There are many reasons to be critical or get frustrated about the neglect of (investments in) decent health worker jobs in many contexts. However, the Code’s text does not carry this judgment and instead focuses on solutions. Irrespective of the underlying causes of health worker shortages, the Code explicitly aims to “facilitate and promote international discussion and advance cooperation between Member States in order to strengthen health systems worldwide”. It doesn’t waste energy on blaming anybody, but instead looks for ways to solve a globalized health workforce crisis.
Secondly: the Code is really a quality piece of work. While preparing my own presentation, I read the text once more, and couldn’t help but admire how its wording must have been weighed, rephrased and fine-tuned, in order to do justice to the complexity of health worker mobility and the interests of source countries, destination countries, and the individual migrant health worker.
Still, alongside the delicate wording, the Code is strong in its language on the right to health for all, on the right to migrate of the individual migrant and on the shared international responsibilities for a strong global health workforce. And these responsibilities do not only apply to Member States’ governments; the Code also “speaks directly to non-state actors, including health workers, recruiters, employers, health-professional organizations [….], whether public or private, governmental or non-governmental”.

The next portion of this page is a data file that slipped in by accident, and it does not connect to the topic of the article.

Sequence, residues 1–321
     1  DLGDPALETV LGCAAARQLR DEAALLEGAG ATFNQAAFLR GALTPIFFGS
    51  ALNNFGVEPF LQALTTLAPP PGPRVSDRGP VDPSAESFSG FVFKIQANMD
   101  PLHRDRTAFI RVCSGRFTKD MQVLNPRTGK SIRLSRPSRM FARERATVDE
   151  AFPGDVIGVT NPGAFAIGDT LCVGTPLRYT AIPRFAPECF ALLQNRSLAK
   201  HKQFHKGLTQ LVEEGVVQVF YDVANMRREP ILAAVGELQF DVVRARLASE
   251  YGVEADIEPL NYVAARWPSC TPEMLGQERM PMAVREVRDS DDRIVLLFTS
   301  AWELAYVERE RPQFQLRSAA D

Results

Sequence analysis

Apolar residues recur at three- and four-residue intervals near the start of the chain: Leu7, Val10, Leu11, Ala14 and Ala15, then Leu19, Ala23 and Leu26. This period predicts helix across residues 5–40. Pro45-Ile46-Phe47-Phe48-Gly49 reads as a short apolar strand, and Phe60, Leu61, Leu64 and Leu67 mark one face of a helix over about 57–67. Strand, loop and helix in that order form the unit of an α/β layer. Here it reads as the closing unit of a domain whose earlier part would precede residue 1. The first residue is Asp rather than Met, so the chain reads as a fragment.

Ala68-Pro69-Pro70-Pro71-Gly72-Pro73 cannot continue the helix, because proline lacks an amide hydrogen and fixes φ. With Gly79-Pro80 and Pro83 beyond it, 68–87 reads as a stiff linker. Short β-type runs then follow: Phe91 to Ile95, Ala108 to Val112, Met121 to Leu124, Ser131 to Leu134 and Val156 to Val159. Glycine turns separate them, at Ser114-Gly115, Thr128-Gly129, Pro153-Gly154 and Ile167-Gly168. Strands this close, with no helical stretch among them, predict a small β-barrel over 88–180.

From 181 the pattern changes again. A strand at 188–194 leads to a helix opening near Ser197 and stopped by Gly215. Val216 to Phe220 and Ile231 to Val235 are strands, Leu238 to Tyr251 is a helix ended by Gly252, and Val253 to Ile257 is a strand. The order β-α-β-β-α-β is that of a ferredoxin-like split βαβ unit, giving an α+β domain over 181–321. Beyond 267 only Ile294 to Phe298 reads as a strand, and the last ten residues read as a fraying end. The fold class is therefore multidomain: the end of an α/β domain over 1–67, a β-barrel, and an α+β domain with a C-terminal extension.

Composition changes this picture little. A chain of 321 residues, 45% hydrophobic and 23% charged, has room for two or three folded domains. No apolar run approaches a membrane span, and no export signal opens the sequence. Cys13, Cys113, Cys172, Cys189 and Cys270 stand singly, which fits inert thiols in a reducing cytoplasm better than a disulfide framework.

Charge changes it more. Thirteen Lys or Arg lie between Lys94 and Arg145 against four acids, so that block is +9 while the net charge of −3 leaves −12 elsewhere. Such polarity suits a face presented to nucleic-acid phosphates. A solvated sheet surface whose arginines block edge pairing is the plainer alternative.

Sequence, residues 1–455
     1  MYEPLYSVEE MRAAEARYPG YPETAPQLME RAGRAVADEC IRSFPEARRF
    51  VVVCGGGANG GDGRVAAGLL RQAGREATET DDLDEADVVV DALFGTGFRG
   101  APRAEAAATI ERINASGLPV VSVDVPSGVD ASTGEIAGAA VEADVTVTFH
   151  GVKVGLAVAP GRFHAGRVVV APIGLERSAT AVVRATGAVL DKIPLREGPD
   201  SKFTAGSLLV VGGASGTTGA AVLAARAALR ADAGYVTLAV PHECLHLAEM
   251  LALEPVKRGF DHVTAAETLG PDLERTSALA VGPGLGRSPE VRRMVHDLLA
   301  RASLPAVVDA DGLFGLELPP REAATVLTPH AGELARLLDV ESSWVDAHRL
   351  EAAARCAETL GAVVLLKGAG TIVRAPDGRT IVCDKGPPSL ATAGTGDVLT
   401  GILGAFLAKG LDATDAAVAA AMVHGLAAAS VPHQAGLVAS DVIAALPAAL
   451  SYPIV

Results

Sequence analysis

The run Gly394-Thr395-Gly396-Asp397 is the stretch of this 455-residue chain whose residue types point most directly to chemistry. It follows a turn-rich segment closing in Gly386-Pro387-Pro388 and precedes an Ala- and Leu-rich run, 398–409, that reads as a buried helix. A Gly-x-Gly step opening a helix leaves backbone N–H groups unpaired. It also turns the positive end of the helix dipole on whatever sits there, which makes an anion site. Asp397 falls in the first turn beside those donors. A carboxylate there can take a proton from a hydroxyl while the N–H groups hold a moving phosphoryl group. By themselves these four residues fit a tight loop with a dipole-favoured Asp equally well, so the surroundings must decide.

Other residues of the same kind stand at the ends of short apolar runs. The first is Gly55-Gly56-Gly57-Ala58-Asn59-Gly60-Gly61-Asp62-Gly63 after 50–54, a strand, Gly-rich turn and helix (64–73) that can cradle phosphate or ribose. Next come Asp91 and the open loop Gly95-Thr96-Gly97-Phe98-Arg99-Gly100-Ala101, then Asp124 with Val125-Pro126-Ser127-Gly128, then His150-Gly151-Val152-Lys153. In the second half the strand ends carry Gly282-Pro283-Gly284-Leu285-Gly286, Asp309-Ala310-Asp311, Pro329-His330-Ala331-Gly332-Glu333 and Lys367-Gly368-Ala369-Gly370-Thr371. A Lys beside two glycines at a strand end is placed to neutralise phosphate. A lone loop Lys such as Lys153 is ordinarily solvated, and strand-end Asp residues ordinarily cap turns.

So the Code is a unique instrument because it is the product of inclusive consultation with active involvement from a wide range of stakeholders every step of the way. This is rare in non-binding international agreements. Its monitoring and review processes are similarly inclusive, inviting the aforementioned organizations and individuals to present evidence and participate in deliberations.
And this is exactly where my concern lies: in spite of all the opportunities for engagement, the level of engagement with the Code’s implementation remains very low. Even though 80 (out of 194) Member States have submitted reports for the third round of reporting on the Code’s implementation, with a number of them reporting for the first time, many Member States are still not reporting or have stopped reporting. And although the number of independent stakeholders reporting on the Code’s implementation has risen from 1 to 14 between 2015 and 2019, this can hardly be considered a triumph in absolute terms.
“The number of independent stakeholder reports is abysmal. How can we ensure more involvement?”
The result is insufficient data and evidence to properly assess the Code’s effectiveness and relevance. This makes it increasingly difficult to review the Code in order to adjust it to be more relevant to the world today. This, in turn, renders it increasingly less interesting to engage with, leading to a vicious cycle.
…and everybody’s business, too!
This begs the question of who is responsible for increasing the awareness about and engagement with the Code. Member States, as signatories to the Code, bear the brunt of this responsibility. But as civil society, the Health Workers for All Coalition and its individual members have an important role to play as well. I’m very much hoping that we can engage with our respective governments on the principles of the Code, including, but certainly not limited to, ethical recruitment practices. And that the Coalition can then engage at global level in processes that aim to improve the Code’s relevance and effectiveness. Let’s stay in close contact with each other on how we can fulfil our important watchdog function.